Not too heavy, not too light. Not too powerful, not too feeble. The Volkl V-Sense V1 Pro is a frame that idles comfortably at the corner of tweener and player’s racquet. (Even the unusual head size strikes a crossroads compromise). More mass and precision than the former, but not quite as demanding as the latter, the third edition of the model remains a highly playable, all-court performer.
From the baseline the V1 Pro is nothing if not predictable. Ground strokes follow directions consistently with plenty of off-center forgiveness, leading to confident ball striking. Serves take command of the lines and corners of the boxes, proving capable of placing opponents on the early defensive. There’s decent power to bust open a point or put the ball away, but the frame doesn’t quite have the plow through or weighty shot of a more substantial racquet. Same goes for spin—it’s accessible and effective, but it’s not teeming with potential. However, I find this to be the case with many 16x19 frames with eight main strings running through the throat.
The response at contact is classic Volkl—comfortable and arm-friendly, but with enough feedback to feel connected to the ball. It’s not quite as plush and buttery as a heavier frame with more flex, but for racquets in this weight class there aren’t many with a cleaner feeling at contact. The test frame was strung with Volkl Cyclone Tour 18g at 44 pounds (Volkl recommends less 20% for all poly) and seems suited to accommodate a variety of string combinations.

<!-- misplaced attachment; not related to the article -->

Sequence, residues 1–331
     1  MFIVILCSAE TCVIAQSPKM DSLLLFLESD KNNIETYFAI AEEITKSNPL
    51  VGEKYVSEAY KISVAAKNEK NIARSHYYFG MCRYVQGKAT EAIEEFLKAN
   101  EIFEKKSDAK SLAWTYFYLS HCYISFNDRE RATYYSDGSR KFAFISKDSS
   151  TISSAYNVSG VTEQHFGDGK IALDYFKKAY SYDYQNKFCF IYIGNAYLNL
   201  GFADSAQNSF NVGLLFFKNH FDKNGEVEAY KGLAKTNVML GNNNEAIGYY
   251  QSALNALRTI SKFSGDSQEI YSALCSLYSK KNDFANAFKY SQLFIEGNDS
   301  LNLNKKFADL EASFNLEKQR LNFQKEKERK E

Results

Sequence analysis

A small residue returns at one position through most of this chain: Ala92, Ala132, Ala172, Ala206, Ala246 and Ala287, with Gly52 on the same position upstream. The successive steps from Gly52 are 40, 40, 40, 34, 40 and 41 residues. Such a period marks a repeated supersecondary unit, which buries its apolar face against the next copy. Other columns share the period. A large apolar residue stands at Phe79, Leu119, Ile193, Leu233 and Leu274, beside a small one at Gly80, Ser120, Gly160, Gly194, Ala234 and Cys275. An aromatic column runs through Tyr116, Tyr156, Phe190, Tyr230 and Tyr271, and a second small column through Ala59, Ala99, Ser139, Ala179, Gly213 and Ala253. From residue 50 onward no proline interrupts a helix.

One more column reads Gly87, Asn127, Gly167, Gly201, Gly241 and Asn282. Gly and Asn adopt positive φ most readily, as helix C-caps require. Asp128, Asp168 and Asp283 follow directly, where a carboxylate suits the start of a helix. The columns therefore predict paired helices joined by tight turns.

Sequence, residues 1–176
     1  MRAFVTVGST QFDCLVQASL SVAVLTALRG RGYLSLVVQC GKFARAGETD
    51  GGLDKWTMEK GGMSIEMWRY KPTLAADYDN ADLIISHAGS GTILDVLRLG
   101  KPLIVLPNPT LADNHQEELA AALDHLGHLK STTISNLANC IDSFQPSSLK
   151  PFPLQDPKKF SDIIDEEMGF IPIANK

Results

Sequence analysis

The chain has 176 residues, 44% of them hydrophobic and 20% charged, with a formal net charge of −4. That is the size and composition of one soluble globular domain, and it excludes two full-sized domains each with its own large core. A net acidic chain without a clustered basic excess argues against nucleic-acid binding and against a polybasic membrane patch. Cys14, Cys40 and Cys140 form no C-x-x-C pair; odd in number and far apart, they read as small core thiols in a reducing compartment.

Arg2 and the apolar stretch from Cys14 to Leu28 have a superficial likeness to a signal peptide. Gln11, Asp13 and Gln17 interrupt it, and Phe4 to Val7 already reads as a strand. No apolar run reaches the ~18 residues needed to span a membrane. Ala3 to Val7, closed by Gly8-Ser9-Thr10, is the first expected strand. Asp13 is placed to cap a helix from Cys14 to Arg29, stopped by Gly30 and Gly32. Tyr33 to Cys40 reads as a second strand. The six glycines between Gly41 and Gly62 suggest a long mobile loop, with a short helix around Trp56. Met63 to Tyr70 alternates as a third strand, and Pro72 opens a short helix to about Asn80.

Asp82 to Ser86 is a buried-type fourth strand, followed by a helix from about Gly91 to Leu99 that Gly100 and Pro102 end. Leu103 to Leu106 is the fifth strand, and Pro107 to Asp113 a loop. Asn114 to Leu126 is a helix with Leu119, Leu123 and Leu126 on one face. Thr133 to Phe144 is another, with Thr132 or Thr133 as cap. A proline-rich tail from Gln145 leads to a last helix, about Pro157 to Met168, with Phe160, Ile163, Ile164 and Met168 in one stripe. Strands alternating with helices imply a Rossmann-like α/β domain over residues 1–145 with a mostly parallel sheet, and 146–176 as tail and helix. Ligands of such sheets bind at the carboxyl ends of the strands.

At net the frame’s maneuverability stands out. It’s nimble on all manner of volleys—stabbing, digging, or simply blocking. The good feel and connection to the ball also promote precise volleying. The racquet is adept at angling balls away, driving them deep or dropping them short. The one knock is it can lack stability on hard-hit passes, especially when contacted off-center. With the more than manageable swingweight, some players could choose to add a little weight to the head to bolster its backbone. Either way, it’s certainly an able and valuable weapon in the forecourt.
All of this is why the V1 Pro would look at home in the hands of skilled all-courters or savvy doubles players. While it’s a Swiss Army knife of sorts, it perhaps lacks a defining trait. Still, the sum of its parts adds up to a frame without any discernable holes. The attractive blend of power, control and comfort in an easy-handling package should make it appealing to a wide range of players across the intermediate and advanced sets.